Bringing the most threatened species back from the brink of extinction

In the face of unprecedented biodiversity losses, effective strategies for the conservation of the world's most threatened species are urgently required.

Each potential loss is vital.

Evidence shows that timely and targeted conservation actions can help avoid species extinctions and drive much-needed recuperation. However, even once recovered, many species remain conservation-dependent, requiring support over decades.

© Claudia Gray
black rhino with starry background
© Will Burrard-Lucas

We need to focus on the species most critically in need and find the most appropriate interventions: from reintroductions to managing the spread of destructive disease. We also need to increase scientific and management capacity to achieve more than we could alone and ensure the sustainability of conservation actions.

We will achieve our vision by:
  • taking action ourselves 
  • by acting as a conservation catalyst, generating and sharing knowledge with others and empowering them to act.

We will focus on species that are Evolutionarily Distinct and Globally Endangered (EDGE) and on species classified by the International Union for the Conservation of Nature (IUCN) as Endangered, Critically Endangered or Extinct in the Wild.

Since EDGE's launch in 2007:

  • 113
    EDGE Fellows have been supported by ZSL.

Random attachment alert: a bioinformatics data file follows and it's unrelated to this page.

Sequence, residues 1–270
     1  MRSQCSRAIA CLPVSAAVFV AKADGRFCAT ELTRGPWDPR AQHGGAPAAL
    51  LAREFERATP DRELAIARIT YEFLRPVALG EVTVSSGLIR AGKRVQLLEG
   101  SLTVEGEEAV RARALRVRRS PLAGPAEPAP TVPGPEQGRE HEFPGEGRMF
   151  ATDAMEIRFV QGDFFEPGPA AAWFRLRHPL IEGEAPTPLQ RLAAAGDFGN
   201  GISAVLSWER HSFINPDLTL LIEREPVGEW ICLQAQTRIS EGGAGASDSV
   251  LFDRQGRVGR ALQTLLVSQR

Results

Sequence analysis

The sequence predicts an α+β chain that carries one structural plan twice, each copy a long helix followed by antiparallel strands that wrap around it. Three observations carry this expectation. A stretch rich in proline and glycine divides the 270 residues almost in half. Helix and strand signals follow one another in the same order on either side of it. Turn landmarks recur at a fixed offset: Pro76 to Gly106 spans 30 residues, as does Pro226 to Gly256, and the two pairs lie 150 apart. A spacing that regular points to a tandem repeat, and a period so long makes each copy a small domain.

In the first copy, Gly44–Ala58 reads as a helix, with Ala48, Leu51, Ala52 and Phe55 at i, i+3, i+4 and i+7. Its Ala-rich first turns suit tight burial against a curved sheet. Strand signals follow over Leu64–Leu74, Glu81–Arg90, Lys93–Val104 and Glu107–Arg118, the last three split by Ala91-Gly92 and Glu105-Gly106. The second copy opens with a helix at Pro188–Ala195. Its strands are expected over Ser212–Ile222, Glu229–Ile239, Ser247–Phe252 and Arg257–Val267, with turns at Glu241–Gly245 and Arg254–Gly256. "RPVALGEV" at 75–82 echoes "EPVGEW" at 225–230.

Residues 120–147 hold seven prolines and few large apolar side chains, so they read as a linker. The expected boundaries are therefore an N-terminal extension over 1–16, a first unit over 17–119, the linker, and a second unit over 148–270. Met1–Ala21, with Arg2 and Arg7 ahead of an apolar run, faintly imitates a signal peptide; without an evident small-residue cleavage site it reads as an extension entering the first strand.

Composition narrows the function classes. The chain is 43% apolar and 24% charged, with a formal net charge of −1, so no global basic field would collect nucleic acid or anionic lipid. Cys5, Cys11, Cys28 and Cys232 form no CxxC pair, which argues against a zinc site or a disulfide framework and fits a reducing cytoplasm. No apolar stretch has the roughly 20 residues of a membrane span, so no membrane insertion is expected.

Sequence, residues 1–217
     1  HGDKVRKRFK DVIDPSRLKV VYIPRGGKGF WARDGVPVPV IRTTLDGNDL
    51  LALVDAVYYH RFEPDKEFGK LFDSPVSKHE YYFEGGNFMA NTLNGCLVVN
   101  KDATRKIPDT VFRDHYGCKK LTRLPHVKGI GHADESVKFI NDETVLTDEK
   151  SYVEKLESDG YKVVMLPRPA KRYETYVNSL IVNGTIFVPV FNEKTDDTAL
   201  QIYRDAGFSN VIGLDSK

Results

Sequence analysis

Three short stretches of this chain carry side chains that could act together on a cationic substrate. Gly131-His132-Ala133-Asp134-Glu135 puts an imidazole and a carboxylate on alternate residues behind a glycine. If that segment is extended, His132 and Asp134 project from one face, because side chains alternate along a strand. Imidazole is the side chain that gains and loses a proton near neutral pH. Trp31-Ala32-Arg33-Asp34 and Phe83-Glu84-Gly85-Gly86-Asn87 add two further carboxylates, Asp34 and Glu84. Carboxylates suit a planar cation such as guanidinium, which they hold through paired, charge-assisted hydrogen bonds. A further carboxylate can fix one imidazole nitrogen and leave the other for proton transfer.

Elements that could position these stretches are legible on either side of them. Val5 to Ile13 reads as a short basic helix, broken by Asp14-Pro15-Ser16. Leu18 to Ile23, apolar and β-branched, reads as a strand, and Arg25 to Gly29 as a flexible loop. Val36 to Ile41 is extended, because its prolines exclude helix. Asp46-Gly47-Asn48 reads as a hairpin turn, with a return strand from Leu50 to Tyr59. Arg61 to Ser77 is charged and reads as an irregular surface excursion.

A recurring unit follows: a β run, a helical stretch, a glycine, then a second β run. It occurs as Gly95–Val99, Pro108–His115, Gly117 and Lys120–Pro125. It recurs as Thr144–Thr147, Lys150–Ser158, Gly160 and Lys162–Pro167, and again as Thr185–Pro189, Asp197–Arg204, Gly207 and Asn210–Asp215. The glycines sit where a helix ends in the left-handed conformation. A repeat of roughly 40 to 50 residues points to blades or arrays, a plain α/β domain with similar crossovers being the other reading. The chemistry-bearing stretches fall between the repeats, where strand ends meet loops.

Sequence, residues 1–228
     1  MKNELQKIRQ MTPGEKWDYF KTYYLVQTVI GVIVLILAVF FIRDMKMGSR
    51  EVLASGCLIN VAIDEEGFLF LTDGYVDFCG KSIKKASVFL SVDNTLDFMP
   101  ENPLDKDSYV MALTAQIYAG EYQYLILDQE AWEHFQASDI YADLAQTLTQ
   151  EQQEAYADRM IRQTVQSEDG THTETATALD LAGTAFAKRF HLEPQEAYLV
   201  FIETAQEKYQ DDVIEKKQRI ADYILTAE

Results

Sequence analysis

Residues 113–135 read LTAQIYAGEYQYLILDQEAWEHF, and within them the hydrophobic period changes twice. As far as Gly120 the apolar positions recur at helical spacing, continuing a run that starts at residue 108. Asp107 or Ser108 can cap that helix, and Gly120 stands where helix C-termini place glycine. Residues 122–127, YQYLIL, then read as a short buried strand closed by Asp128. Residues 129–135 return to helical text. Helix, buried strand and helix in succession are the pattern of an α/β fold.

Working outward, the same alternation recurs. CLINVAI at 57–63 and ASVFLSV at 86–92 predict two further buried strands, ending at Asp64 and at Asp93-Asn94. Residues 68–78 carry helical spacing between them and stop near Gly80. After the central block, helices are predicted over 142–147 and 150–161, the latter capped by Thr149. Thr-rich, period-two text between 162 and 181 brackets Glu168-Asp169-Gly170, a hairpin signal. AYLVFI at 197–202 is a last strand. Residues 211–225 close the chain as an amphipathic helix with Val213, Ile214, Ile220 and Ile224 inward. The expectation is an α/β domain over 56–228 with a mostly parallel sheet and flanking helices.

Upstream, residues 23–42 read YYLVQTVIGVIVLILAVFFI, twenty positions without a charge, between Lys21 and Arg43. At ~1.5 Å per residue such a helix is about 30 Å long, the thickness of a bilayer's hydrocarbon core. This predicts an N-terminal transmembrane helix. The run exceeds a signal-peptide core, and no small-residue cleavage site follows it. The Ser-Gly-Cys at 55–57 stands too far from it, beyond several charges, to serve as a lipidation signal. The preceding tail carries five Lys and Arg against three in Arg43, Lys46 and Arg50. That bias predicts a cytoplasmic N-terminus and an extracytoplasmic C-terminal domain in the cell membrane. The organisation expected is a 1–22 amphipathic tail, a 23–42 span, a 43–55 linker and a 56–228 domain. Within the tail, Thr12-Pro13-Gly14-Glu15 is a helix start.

• 106
    EDGE species have been conserved and protected by our Fellows.
  • 44
    the number of countries where conservation work has taken place.
    • A close up image of a purple frog
      Protecting animals on the EDGE

      Animals on the EDGE of Existence

      Our EDGE of Existence programme is the only conservation programme in the world to focus on animals that are both Evolutionarily Distinct (ED) and Globally Endangered (GE).

       A close up of an Amur leopard and a tiger sitting down with snow covered trees in the background
      WildCats Conservation Alliance

      WildCats Conservation Alliance

      We’re working at the cutting edge, in partnership with Dreamworld Wildlife Foundation (DWF), as WildCats Conservation Alliance raising funds for conservation projects to support the recovery of these endangered species.

      Two angel sharks on the ocean floor
      Under threat from fishing and habitat degradation

      Angel Shark Conservation

      We’re working at the cutting edge of conservation to protect angel sharks and create practical routes to their recovery.

      Bengal tiger camera trap close-up face
      Working together to save iconic species

      Transboundary tigers and elephants in India and Nepal

      We have helped double Bengal populations in Nepal, and are working to continue this long journey of recovery.

      A West African elephant walks across the landscape in the WAP complex
      West African carnivores and elephants in the savannah

      West African carnivores and elephants in the savannah

      We are fighting for the future of west African elephants, in their most important stronghold, which is home to over 70% of the remaining population.

      Asiatic lion male lying down in wild at a chickpea field

      Protecting Asiatic lions in the Gir Forest

      There are approximately 600 Asiatic lions left in the Gir Forest of Western India, their last remaining natural habitat.

      A family of cheetah in Tanzania sitting together
      Cheetah conservation in Africa

      Cheetah conservation in Africa

      In the field and behind the scenes, we’re working at the cutting-edge to help overcome the threats facing endangered cheetahs in Africa and support the recovery of this Vulnerable species.